Tables Turning 

A look back at our Music Issue from 1997.

Memphis music: It seems like locals spend half the time bragging about it and the other half complaining about it.

The Flyer's "Music Issue" from 1997 featured a breakdown of the problems facing Memphis musicians trying to break into the big time. 

Music was always a tough industry. But by the late 1990s, Memphis music had hit a rough patch. Memphis, never without a heap of talent, felt the lack of success on an existential level.

That year's music issue looked inward: "The Memphis Curse" was an essay by Susan Ellis and Mark Jordan about a Boston Red Sox/Babe Ruth sort of spell. The idea was that Sam Phillips, in undervaluing Elvis' contract, had wandered into the hex that befell the Boston Red Sox following the trade of the Bambino to the Yankees.

The concern at the time was that nobody was getting major-label record deals. We described the problem: "The six major labels are called 'major labels' because they have their own national and international distribution networks, fully established  pipelines just waiting to ship product. Majors also have ready access to radio airplay, a key to selling records once you've got them in the stores."

My how things have changed. Seventeen years later that sentence may as well read, "The buggy-whip manufacturers have their own pony express ..."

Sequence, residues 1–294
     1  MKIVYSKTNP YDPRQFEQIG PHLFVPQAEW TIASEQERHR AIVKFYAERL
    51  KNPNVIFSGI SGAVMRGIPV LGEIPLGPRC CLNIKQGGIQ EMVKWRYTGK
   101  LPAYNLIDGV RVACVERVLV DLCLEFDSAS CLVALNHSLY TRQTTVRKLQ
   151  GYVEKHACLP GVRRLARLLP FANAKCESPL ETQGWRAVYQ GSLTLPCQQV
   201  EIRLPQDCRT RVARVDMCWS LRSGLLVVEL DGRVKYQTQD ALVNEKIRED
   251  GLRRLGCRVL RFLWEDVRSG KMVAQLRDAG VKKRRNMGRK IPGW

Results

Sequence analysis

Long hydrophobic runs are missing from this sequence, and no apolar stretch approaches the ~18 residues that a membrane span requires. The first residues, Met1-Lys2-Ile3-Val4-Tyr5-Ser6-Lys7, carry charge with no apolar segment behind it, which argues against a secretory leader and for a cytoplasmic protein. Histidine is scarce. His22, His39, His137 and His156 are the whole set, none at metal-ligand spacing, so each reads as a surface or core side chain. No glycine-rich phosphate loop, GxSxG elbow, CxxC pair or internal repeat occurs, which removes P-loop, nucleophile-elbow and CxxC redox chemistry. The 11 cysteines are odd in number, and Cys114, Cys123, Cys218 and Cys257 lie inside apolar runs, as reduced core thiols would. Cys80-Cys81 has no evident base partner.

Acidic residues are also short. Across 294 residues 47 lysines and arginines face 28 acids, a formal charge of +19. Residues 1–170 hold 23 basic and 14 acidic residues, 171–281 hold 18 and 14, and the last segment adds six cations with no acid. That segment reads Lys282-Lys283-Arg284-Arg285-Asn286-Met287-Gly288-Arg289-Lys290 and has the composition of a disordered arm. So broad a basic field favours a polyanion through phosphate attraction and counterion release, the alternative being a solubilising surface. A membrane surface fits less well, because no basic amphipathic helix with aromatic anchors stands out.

But guess who folded? Those majors. Napster started in 1999, and the music industry went belly up. These days, major labels are punted around by financial behemoths as something to be spun off like ... uh, newspapers.

Ellis and Jordan wrote of the difficulties facing local talents such as Wendy Moten and Son of Slam. They decried the lack of success facing local favorites Human Radio and Neighborhood Texture Jam. To their credit, it was frustrating to watch amazing musicians being ignored. Memphis loved the indie labels, but it also wanted the big time.

"Memphis' geographical solitude has fostered an ideological gulf as well, defined by a fierce, independent spirit that often finds Memphis musicians unwilling to compromise their craft or their principles with the cost often being their careers."

But now Myspace, Reverbnation, and Bandcamp allow anyone, regardless of talent, to put their music on an international stage. Facebook and Twitter offer marketing opportunities inconceivable in 1997. 

One constant: Nobody's making any money. But the big change is attitude. Memphis has learned how to love itself. At this week's South By Southwest, there's a screening of Take Me to the River, a film about music being passed between generations at Royal Studios. (See page 24 for a talk with Hi Rhythm organist Charles Hodges.)

The new attittude is apparent at Goner Records and Minglewood Hall and in the trials of Jonathan Kiersky in moving the Hi-Tone. Indie labels Shangri-La and Loverly were inspirational to many, and Memphis is now littered with productive (if not profitable) labels of people enthusiastic about making music here.

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